W. Paul Jones, a Roman Catholic priest and family brother in the Trappist order, here recounts his unlikely relationship with Clayton Fountain, a multiple murderer who was condemned to live out his days in solitary confinement. Fountain’s life and his remarkable religious conversion are the subject of Jones’s gripping new book.
My new book, A Different Kind of Cell: The Story of a Murderer Who Became a Monk, is an attempt to share with as wide a readership as possible the pilgrimage that I was on for years with a man regarded as the most dangerous person in the entire federal prison system, Clayton A. Fountain. Clayton’s downward spiral began in a deadly fight with his sergeant in Vietnam, followed by an escape involving a SWAT team and incarceration at Leavenworth prison. In the book I describe how, despite heightened security in each new prison, this man only became increasingly incorrigible — until, even in solitary confinement in the highest security prison of the nation, he killed four more persons in succession. By that time prison authorities had more than enough and declared him totally beyond their ability to control. They constructed an underground steel and concrete cell just for him, where he would remain in total segregation and isolation for the rest of his life.
My background — one that couldn’t be more different than Clayton’s — is academic; I have taught at Yale, Princeton, and Saint Paul School of Theology. Born and raised a Protestant, I am now a Roman Catholic priest and a Family Brother of Assumption Abbey (Trappist). I was thus amazed to find myself gradually becoming not only Clayton Fountain’s spiritual director but also, in time, his companion and friend on an amazing spiritual pilgrimage.
As I reflect back on my relationship with Clayton, I find myself pondering the issue of the death penalty in graphic new ways. Had present federal law been in effect at the time, Clayton would have been executed long ago, sealing his reputation as the most deadly of murderers. Instead — I became convinced — he underwent a process of genuine conversion, one that made him a new person — gentle and caring, committed to studying for the priesthood, even though he knew the prison would be his only “parish.”
I decided to write this story in order to pose for others the same conundrum that I encountered through my dealings with Clayton. If Clayton’s transformation was authentic, then I have to believe that no one is beyond God’s divine mercy. As he himself stated, “If I can be forgiven, then no one is beyond the forgiveness of God.” It follows that to execute anyone, no matter how heinous his or her crimes, is to take on ourselves the role of God — declaring that there are persons who are beyond God’s power to change. It is with this conundrum that my monastery also struggled, and in doing so the monks came to accept Clayton fully as a Family Brother. His name is on a cross in our cemetery, where one day I too will be buried.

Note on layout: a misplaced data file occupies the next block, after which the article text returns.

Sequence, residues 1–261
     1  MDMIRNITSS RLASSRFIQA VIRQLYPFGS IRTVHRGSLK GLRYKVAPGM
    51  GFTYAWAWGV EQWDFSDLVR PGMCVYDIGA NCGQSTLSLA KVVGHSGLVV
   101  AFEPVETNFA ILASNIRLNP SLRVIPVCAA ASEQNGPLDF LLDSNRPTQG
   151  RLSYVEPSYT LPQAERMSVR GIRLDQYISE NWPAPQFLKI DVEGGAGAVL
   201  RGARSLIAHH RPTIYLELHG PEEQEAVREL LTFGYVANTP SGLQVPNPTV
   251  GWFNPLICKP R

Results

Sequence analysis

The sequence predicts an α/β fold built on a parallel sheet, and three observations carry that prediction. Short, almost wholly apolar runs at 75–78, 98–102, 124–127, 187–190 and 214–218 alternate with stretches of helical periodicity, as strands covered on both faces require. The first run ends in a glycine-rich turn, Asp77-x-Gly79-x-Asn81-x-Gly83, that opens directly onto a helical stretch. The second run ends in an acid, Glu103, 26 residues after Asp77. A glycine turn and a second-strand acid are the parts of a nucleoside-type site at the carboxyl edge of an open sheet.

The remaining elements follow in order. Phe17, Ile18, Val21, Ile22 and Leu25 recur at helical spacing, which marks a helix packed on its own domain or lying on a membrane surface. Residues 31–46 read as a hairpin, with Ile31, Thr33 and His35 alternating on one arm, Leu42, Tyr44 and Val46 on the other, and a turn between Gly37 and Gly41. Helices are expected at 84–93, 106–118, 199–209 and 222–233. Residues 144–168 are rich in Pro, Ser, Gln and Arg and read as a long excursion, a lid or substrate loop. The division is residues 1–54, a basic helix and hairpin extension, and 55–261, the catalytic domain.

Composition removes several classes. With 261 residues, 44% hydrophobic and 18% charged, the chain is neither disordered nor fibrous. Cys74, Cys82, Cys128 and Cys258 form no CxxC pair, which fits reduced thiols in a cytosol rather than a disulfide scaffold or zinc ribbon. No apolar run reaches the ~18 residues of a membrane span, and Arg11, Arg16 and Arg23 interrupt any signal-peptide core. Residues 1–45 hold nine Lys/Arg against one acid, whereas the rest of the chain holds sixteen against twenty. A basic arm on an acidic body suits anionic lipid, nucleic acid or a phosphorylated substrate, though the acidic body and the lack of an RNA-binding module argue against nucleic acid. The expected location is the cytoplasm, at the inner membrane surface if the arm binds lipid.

What others are saying about this book:
“Clayton Fountain was regarded as a ruthless killer beyond anyone’s power to save. Yet in the stillness of his solitary confinement — entombed alive in a cell of concrete and steel — God was at work redeeming and remaking Clayton Fountain. I am grateful to Father Paul for ministering so compassionately to a man precious only to God — and for sharing his remarkable story with the world.”
— Martin Sheen, actor
“Bernard of Clairvaux in the twelfth century once liberated a murderer being led to execution. ‘I will kill him myself,’ Bernard promised; he took the man to Clairvaux and made him a monk. Bernard meant that through the process of monastic conversion the man’s false self, which had expressed itself in violence, would die and his true self emerge and thrive in peace. W. Paul Jones tells a twentieth-century version of that story. Through Jones’s sensitive, gripping prose the reader follows the conversion of Clayton A. Fountain from chaos to clarity.”
— Fr. Mark Scott, Gethsemani Abbey, Kentucky
“No one is beyond the mercy of God. No one. The message of this book is that to kill anyone on the assumption that their redemption is impossible is to take the place of God.”
— Sr. Helen Prejean, author of Dead Man Walking